Principles haven't changed but people have

Morals and priciples haven't changed but people have. We have evolved into a society that is morally deficient. We do what ever we feel like doing answering only to ourselves. Which is very dangerous. Why? Because who are we to answer to ourselves. Did we create ourselves? Of course not. Therefore, who are we to dictate what's right and what's wrong. We need to follow the plan of the one who created us. Who do we think we are creating moral options. Right will always be right and wrong will always be wrong. There are no options, no gray areas. Time doesn't change things, it just lapses. We can't blame our wrong decisions on a new era. Wrong decisions and actions are made from a continuous over riding of our once "morally good conscience". Our conscience becomes so seared because of not listening to it when it tries to direct us correctly, that we call evil good and good evil. Where are we headed. The responsibility for our personal actions is ours personally not someone elses. The thing of it is, if we can get some one to agree with our immoral life style, our wrong actions, we think it's OK. Agreement doesn't make things right. It just creates a false security. We are not God. We are God's creation, living in the world God created for us, with directions God has given us in order to live successfully and abundantly. We can't abuse and disobey the Creator's plan and expect peace and harmony in our own life and in the world we live in. It's like swimming up stream with the current against you. You will eventually die, and possibly prematurely. We can't continually abuse what God has established from the beginning of time and expect to have good results. Our arms are to short to box with God and He is not an option. He will have His way and He'll have the last word. The problem is because He is patient and long suffering, we take advantage of His goodness and think we can get away with being rebellious. The truth be told!!!

Hoots said...

Excuse me. We're not hiring a minister. We're electing a president. These are very interesting questions but they have little bearing on whether or not Barack Obama, the man, the individual, will be the Democrat running for president.

This is one of many steps to power in a sequence that involves getting more votes than whoever is nominated by the other political party.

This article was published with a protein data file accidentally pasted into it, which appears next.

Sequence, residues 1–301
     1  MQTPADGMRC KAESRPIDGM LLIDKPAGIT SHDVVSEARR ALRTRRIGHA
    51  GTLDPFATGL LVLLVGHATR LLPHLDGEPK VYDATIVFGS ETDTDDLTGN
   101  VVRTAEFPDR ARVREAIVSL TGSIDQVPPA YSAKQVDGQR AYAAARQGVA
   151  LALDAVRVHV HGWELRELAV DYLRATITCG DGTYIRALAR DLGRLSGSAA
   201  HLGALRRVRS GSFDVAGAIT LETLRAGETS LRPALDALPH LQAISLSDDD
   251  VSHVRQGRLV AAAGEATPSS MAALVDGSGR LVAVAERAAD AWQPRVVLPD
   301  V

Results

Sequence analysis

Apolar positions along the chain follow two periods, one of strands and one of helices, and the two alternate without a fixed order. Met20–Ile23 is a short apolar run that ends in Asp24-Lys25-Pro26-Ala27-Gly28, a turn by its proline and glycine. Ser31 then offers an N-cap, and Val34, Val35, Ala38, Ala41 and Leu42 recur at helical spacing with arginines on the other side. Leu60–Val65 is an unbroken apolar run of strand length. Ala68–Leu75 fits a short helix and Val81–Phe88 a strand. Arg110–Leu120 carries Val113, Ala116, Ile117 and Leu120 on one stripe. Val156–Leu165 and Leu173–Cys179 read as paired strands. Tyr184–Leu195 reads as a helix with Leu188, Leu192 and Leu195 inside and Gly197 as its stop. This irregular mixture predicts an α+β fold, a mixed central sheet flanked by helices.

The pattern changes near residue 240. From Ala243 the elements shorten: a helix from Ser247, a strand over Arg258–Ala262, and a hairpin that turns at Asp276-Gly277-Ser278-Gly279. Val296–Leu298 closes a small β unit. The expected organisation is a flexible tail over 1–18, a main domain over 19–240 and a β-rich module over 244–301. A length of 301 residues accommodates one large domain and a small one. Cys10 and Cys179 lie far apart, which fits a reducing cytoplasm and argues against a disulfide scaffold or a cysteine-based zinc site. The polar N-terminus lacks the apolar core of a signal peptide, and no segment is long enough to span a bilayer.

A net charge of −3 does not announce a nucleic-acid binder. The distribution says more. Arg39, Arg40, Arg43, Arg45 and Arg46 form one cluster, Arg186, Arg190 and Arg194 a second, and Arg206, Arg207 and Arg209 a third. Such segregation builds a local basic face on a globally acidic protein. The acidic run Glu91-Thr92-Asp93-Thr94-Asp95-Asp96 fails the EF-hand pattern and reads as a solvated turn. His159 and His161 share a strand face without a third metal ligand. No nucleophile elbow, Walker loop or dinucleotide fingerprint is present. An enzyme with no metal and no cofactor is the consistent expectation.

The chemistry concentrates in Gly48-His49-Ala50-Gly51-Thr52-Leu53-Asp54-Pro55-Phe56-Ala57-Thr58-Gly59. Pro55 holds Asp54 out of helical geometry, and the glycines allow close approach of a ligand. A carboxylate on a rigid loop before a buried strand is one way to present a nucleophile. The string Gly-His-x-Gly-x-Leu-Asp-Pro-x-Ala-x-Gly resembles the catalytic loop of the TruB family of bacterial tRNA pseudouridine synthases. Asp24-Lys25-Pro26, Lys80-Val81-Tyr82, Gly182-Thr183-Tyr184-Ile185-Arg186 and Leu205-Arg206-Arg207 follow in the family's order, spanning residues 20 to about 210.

Whichever candidate becomes president, it is not a lifetime appointment (as in the case of Supreme Court justices) but a mere four years, and a second term is all that the constitution permits even then.

The Africa angle is a red herring...unless someone knows something about Trinity United Church of Christ on the Southside of Chicago that no one else knows. Seems to me their attention has been more on black Americans than Africans.

This post is being read by over a thousand people a day, most of whom just want to learn that Barack Obama isn't the Muslim that his name suggests. Having established that I see no reason to split hairs.

Faith is the anchor of character, but it is only the starting point. I have personally known sincere Christians who have lived a lifetime of broken relationships, substance abuse and other unresolved behavior problems.

I have also known infidels whose leadership abilities and overall character were head and shoulders over some of the confessing Christians I have known from church.

He's a man, not a prophet or an angel, but Barack Obama has passed the character test in my book.

Hoots said...

January 9. The New Hampshire primary was yesterday and to the surprise of many pundits Obama trails Hillary Clinton. Looks like he's already paying the price for a political fumble. If he's gonna be called a Democrat he'll have to do better than that.